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Weathering the storm

By Tim Parton, Farmer at Brewood Park Farm and founding member of the Green Farm Collective

With the weather extremes we had to endure this year, biology cannot always give the plant what it requires, which is where I, as a farmer, must step in to keep the plant healthy and free from disease. Farming in this way then allows me to be ‘fungicides free’ with no yield loss; hopefully just yield gains in the form of tonnage from the crop and hopefully carbon to sell.

I managed to grow an 8 tonne/ha crop of wheat on one of my lightest fields in a very testing year, with just 60kg N/ha and no fungicides. This achievement has a positive impact on my farm, and the crop’s, carbon footprints. Crop output and carbon sales provide our farm two income streams which, in my view, has to be an intelligent approach to the farming of the future - using science to make informed decisions within the farming year.

On our farm this year - Brewood Park Farm - one of my trials was to try and feed the plant through the leaf only. People may ask, is this possible? Yes, I believe it is. It turned out to be one of the most testing Spring growing seasons that I have ever experienced, with very dry and cold conditions, putting plants under enormous stress which can lead to disease pressure. May followed on to be very wet, finally warming up to allow crops to grow.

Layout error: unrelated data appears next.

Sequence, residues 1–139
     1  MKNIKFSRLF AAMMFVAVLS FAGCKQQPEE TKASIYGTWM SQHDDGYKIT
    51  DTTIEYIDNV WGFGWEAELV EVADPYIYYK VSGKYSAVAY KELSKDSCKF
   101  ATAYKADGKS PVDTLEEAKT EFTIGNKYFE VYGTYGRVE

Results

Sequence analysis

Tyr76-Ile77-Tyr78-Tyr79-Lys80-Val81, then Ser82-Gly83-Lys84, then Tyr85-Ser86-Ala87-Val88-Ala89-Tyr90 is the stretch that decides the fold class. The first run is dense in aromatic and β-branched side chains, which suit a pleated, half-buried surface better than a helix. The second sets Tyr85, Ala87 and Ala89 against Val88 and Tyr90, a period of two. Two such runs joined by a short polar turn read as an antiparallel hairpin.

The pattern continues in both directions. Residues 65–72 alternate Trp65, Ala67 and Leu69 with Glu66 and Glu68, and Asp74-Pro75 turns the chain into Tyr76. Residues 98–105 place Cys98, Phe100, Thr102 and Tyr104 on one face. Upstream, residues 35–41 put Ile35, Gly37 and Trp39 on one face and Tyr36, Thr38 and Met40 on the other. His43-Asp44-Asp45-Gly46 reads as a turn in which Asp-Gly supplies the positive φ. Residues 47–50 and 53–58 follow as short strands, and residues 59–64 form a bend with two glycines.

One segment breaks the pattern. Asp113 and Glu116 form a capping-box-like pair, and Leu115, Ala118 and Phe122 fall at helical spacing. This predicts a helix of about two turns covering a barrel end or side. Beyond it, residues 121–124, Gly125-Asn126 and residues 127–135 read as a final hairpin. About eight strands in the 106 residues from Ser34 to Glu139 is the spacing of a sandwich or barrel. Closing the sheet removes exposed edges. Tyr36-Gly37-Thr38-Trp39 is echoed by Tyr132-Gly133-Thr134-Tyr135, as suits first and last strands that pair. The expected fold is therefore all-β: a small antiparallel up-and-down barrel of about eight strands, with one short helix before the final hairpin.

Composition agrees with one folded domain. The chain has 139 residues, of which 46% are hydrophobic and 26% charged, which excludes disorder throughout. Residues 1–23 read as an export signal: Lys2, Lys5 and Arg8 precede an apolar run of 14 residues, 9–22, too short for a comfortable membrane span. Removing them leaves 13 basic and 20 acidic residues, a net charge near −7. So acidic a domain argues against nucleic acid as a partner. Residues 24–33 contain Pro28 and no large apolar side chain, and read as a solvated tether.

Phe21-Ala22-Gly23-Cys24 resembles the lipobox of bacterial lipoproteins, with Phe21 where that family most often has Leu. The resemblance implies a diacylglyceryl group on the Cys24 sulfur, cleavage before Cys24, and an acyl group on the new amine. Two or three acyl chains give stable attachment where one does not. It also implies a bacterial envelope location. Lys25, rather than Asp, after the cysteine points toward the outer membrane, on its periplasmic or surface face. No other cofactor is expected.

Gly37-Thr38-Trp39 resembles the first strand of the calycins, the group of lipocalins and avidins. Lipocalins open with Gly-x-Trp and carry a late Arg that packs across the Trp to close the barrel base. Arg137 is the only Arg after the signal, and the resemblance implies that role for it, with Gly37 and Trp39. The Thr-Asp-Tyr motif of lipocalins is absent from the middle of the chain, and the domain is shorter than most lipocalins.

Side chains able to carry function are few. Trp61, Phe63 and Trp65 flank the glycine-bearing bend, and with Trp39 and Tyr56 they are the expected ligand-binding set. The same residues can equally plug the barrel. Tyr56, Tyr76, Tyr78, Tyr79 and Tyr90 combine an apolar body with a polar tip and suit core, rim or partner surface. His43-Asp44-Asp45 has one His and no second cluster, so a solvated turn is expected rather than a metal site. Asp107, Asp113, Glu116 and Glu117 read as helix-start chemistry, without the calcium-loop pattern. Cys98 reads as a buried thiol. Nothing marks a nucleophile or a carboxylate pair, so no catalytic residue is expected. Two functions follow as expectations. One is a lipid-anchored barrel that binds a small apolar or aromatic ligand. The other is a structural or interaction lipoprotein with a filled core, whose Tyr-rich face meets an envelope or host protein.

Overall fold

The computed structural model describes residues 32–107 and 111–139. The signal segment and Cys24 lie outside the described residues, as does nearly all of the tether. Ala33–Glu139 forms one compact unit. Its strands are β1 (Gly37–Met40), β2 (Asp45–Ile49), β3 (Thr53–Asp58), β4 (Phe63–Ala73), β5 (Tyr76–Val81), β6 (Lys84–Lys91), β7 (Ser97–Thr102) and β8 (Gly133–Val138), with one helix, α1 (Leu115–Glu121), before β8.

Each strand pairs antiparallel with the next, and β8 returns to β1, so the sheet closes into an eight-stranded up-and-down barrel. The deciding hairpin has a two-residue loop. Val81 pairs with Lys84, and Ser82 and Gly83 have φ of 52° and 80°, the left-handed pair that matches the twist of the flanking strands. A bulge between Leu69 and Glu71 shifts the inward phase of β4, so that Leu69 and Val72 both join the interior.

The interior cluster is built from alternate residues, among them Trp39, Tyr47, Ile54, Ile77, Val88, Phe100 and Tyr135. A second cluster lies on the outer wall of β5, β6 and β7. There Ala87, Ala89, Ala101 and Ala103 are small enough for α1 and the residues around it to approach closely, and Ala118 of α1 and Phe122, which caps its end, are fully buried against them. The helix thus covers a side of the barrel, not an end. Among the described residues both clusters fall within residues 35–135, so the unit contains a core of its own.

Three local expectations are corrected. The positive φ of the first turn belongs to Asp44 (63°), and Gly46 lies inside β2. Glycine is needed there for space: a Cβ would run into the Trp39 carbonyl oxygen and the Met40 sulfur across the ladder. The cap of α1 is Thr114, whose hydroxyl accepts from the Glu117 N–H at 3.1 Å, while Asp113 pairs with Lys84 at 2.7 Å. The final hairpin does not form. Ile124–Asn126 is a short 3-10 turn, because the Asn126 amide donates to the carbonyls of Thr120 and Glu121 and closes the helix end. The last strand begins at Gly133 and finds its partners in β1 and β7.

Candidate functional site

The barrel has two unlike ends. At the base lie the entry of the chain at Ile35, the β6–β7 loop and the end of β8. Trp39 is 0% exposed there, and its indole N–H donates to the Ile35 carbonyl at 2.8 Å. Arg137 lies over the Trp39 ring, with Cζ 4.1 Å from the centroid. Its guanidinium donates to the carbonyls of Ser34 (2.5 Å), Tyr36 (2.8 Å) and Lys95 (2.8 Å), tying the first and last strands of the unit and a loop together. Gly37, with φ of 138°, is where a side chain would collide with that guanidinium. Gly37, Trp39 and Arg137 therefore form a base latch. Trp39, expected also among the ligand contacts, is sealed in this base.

This is really the hardest part when feeding through the leaf; being able to keep up with crop demand for nutrients. Thus, I applied 20kg N/ha as soil applied fertiliser to keep up with demand. This also helped to stimulate soil Nitrogen fixing bacteria - the air is 78% nitrogen – so why not find a way use it? While applying Nitrogen through the leaf I was also able to keep the plant balanced with any other nutrient through sap testing. This lets me monitor the plant and jump in with nutrition when needed.

We now have all the knowledge to be able to farm in a regenerative way; to keep producing food for a growing population, in addition to healing and regenerating the planet in which we live - there is no planet B!

See from the picture how the field progressed through the season to harvest, producing the 8 tonne/ha yield average, with heaver parts of the field up to 9.5tonne/ha.

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